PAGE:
How I read 47 books in 6 weeks

And the lessons they taught me about life.

Fernando Villalba
9 min readMay 24, 2021


Towards the end of February I started thinking a lot about my future and where I want to be in the next ten years and the truth is that I really have no idea, the only thing I know, is that I want to be much better off than I am now.

So I decided to write some goals, ambitious and crazy, one of them was to read 100 books this year, and since I hadn’t read any self-improvement books for a really long time, I decided to focus mostly on that to begin with. I started a book to see if I could do it in a day, then I picked up another one, and then another one, sometimes I would even do one or two books a day depending on length, and before I knew it I was on a roll. I was like Forrest Gump…

How did I do it?

Notice I said I read 47 books, but in reality I didn’t really read all those books entirely, in fact I partially read them, and I partially listened to them.

What I would do is get the book and the audiobook version and then listen to the audiobook at 1.5x to 2x the speed as I read. I did this to keep pace, because even though I can read faster than this, the audio would ensure that I wouldn’t stop. When I got tired of sitting and reading I just paced up and down the flat with my headphones listening, it’s not a bad exercise! I also listened to audiobooks when I cooked, cleaned, or did anything where I could use autopilot.

I never picked books that were too hard to read. Obviously this method of reading wouldn’t work for something like the Critique of Pure Reason by Kant. Not to say I was picking dumb romantic novels either, but if you pick good best sellers, generally they are very easy to follow along.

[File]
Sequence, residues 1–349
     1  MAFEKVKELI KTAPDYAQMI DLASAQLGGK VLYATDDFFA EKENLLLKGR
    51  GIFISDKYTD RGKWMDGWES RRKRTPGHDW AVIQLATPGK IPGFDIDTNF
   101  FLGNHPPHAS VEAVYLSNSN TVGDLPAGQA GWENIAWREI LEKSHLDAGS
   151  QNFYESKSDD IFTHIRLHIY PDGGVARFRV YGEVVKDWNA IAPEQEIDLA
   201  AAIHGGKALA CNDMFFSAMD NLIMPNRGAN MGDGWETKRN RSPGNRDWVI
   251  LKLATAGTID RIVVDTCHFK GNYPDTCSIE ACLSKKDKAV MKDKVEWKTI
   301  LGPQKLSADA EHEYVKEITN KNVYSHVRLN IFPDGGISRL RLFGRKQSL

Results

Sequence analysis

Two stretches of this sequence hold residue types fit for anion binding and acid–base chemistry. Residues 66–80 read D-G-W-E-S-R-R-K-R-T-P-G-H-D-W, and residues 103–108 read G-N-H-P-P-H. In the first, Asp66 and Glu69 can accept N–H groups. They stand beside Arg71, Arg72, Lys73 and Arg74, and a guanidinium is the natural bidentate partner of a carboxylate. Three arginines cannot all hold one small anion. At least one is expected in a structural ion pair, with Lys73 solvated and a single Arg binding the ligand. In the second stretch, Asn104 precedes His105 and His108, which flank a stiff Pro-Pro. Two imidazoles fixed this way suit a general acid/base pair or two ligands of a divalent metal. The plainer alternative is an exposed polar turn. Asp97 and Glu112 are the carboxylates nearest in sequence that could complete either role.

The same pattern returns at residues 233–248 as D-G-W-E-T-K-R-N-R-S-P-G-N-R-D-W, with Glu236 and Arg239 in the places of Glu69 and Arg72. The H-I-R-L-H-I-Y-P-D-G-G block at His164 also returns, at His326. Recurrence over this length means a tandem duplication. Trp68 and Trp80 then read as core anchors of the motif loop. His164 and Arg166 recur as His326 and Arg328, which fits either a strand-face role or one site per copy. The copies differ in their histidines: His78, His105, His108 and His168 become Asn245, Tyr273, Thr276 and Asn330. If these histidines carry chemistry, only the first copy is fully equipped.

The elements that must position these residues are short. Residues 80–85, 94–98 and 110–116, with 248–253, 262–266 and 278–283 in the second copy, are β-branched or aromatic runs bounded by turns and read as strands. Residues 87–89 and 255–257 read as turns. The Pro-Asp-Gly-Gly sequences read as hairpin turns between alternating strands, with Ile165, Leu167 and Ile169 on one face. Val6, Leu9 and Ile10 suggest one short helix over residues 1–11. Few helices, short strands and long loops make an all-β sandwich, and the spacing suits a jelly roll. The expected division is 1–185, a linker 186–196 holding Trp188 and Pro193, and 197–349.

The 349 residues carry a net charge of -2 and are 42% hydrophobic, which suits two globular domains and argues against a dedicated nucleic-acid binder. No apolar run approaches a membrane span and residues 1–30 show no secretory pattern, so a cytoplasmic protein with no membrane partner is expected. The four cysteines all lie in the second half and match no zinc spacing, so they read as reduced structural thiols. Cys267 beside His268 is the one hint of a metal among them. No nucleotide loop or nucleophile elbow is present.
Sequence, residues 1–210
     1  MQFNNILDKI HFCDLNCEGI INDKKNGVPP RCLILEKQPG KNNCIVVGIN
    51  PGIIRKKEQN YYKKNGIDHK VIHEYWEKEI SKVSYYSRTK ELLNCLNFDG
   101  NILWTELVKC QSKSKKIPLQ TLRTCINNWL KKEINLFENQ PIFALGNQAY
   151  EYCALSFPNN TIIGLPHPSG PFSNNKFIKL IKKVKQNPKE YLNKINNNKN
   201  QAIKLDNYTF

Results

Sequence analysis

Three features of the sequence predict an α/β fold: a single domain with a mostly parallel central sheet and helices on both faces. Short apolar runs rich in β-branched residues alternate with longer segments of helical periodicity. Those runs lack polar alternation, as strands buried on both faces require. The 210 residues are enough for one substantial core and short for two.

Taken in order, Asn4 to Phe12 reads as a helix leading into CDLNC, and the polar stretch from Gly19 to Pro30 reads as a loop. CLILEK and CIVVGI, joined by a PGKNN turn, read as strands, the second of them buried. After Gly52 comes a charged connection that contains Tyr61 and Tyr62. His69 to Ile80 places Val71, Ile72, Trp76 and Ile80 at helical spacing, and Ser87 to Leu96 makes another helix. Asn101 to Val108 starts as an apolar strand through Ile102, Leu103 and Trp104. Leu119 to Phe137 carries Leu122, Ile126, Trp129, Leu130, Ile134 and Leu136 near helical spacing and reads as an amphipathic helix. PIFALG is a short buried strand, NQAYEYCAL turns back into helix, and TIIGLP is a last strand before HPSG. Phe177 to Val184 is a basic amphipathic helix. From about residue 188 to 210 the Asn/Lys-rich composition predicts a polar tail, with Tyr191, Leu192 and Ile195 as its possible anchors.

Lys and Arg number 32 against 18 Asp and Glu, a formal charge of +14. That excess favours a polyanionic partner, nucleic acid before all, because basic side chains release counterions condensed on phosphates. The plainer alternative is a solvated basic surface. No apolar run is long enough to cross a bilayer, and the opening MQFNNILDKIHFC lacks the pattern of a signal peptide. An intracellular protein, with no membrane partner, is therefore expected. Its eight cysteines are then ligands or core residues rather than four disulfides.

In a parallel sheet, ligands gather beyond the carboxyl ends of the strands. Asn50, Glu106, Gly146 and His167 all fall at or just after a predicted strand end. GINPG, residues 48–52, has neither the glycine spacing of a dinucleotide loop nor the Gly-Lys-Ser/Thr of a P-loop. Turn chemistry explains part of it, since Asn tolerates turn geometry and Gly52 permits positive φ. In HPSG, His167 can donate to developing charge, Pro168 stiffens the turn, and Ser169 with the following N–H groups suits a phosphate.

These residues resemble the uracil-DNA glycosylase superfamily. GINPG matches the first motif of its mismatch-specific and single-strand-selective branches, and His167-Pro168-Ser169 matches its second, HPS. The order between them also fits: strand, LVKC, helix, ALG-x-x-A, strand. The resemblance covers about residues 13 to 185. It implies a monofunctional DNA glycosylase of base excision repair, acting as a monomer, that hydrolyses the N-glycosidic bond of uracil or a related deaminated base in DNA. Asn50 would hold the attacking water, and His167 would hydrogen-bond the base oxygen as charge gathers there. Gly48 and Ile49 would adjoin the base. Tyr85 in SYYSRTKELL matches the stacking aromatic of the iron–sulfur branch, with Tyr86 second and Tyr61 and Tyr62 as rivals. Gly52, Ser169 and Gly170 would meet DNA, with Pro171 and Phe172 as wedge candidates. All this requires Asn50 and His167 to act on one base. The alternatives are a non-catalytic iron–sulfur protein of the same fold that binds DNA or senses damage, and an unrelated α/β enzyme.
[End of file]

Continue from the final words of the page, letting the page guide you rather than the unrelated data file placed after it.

I also tried to avoid books longer than 300 pages, although two of them exceeded 600 pages. Obviously it would have been impossible for me to do 47 bibles in that time frame.

What was the overarching goal to read all these books?

Other than my own edification I was actually aiming to “brainwash” myself positively. Many of the books I read hammered the same point over and over, much of it was overlap, told in different ways, but it didn’t matter to me because I wanted to hear it — I needed to believe it.

What did I learn?

I learned a lot more than what I want to write on this blog, but here are some highlights that I don’t ever want to forget.

My identity defines my outcomes more than anything else

It doesn’t matter what you want to achieve, if there is no scope within your identity to believe you can achieve it, you definitely won’t. No matter how hard you try, and even if by some miracle you do achieve it, be prepared to lose it, because your feeling of inferiority will do everything in its power to sabotage you.

By identity I mean what you truly see yourself as. Arrogant and cocky people don’t have strong identities and are overcompensating; imposing their fragile egos on others to convince them and convince themselves, doing this does not yield great results for you or for others.

But if you believe firmly that you are a person who deserves and can achieve great things in life, don’t be surprised by the great results you will get. Your mind just makes things happen for you, whether good or bad, it doesn’t matter.

If you fail at everything in life, perhaps you are not as bad as you think, perhaps you are just really amazing at failing. There is a huge different between these two, because if you are really great at failing, you can just as easily be great at succeeding.

Your identity is your set of beliefs, what you believe is what you are. Choose your beliefs wisely.


My identity is under my control